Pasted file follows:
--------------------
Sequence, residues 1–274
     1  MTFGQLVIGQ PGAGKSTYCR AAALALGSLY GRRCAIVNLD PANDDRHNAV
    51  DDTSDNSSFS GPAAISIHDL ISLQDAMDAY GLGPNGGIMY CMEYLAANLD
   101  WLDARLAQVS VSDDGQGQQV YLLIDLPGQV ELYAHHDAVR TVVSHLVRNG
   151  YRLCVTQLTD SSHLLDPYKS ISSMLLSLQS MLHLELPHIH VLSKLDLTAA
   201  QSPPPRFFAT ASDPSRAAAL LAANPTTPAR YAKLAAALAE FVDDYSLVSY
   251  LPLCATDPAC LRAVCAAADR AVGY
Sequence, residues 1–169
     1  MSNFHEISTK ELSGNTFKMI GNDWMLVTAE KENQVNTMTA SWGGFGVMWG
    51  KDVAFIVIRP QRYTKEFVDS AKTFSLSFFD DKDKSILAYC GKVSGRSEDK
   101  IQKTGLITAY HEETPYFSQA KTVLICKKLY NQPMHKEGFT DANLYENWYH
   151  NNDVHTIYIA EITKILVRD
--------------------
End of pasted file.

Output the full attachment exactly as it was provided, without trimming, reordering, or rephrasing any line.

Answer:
Sequence, residues 1–274
     1  MTFGQLVIGQ PGAGKSTYCR AAALALGSLY GRRCAIVNLD PANDDRHNAV
    51  DDTSDNSSFS GPAAISIHDL ISLQDAMDAY GLGPNGGIMY CMEYLAANLD
   101  WLDARLAQVS VSDDGQGQQV YLLIDLPGQV ELYAHHDAVR TVVSHLVRNG
   151  YRLCVTQLTD SSHLLDPYKS ISSMLLSLQS MLHLELPHIH VLSKLDLTAA
   201  QSPPPRFFAT ASDPSRAAAL LAANPTTPAR YAKLAAALAE FVDDYSLVSY
   251  LPLCATDPAC LRAVCAAADR AVGY
Sequence, residues 1–169
     1  MSNFHEISTK ELSGNTFKMI GNDWMLVTAE KENQVNTMTA SWGGFGVMWG
    51  KDVAFIVIRP QRYTKEFVDS AKTFSLSFFD DKDKSILAYC GKVSGRSEDK
   101  IQKTGLITAY HEETPYFSQA KTVLICKKLY NQPMHKEGFT DANLYENWYH
   151  NNDVHTIYIA EITKILVRD